Home / Lint Factory Creates Jewelry For Your Hair

Lint Factory Creates Jewelry For Your Hair

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I am always looking for new, interesting, and innovative products. Dresses and shoes are wonderful and certainly necessary, but I am also looking for innovation. Something that you won't find in the mall. Lint's hair jewelry certainly fits that description. Sure, you can go to any boutique and find jeweled hair clips, pins, and headbands. But how about necklaces for your hair? Hairlaces?

Colleen McCann calls them Lint Lures, and it is true hair jewelry. While clips and pins are functional pieces that happen to be jeweled, Lint Lures are purely there for adornment. Want your hair pulled back in a bun, or swept off to one side? Better buy some pins and combs. Want to adorn your 'do as you would ears or wrists? Turn to Lint Lures. Lint Lures are delicate chains and charms attached to tiny combs. They drip, drape, swoop, and swirl through any type of hair, any hair style. Beyond clips and bands, these pieces can truly take the place of earrings or necklaces for something beyond the pale.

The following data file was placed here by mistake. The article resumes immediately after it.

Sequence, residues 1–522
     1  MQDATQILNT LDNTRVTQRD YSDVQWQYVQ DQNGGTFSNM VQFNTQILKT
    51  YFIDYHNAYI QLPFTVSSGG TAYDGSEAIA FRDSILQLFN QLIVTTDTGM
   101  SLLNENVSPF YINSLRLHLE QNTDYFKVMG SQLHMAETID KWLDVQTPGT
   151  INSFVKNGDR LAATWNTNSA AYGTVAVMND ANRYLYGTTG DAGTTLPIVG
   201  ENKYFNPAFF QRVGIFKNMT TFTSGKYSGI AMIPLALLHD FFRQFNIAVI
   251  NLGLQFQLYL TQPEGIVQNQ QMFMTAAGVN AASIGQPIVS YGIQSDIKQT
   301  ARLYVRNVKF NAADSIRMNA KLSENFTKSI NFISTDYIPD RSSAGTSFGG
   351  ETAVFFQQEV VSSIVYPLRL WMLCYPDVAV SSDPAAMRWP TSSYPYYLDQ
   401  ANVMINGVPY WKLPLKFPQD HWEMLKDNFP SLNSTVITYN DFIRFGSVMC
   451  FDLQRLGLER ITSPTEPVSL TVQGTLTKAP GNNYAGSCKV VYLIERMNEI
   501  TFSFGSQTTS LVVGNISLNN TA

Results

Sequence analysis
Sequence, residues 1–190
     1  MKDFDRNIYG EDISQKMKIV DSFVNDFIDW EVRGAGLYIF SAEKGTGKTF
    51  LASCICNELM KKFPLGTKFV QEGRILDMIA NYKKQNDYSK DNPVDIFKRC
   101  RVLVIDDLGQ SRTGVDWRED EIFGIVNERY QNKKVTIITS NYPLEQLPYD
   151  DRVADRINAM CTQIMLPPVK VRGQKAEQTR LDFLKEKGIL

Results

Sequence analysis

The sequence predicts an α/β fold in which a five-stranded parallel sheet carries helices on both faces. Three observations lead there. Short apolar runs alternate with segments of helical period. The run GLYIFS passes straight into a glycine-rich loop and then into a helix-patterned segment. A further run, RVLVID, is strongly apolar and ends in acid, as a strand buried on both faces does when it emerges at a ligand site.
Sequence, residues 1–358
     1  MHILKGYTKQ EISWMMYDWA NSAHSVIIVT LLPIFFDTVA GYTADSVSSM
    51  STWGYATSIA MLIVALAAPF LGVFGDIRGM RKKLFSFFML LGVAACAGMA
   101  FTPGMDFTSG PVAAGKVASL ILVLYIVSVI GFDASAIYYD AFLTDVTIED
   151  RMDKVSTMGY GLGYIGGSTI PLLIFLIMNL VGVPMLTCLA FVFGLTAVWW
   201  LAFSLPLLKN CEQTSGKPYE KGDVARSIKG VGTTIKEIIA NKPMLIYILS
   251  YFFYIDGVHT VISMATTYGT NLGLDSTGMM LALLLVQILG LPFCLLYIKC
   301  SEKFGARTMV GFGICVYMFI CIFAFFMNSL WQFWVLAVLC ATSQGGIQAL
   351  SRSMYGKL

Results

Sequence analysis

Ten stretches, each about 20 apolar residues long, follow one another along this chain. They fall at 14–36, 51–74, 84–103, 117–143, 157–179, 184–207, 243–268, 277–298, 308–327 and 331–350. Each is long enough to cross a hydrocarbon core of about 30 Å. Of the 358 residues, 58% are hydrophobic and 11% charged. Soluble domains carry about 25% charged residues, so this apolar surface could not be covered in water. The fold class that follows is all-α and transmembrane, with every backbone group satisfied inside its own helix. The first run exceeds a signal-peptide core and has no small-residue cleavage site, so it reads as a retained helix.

"People have been adorning their hair since the beginning of time," McCann says. "It's a forgotten art form." Staying true to this history, all of Lint's pieces are named for notorious women throughout history: the Bathory, the Antoinette, the Hatshepsut (pictured).

Besides Lint Lures, McCann's line also includes hair pins and ear cuffs with that signature fluid drape.

The Lint Lures glimmer in the light, and add unexpected drama to any head. It is lightweight so it won't pull on locks or weigh your style down. My only qualm with Lint Lures is that the combs are too tiny to hold in my thick hair. Lots of hairspray and some additional pins are necessary to make sure it stays in place.

The delicate gold and silver filigree is so dainty it feels as though a good breeze could whisk it away.

New Yorker McCann calls herself the "head-mistress." With a background in hair styling, fashion design, and fine arts, it seemed a natural progression to merge all three disciplines. Not only did she do so seamlessly, but she did it first.

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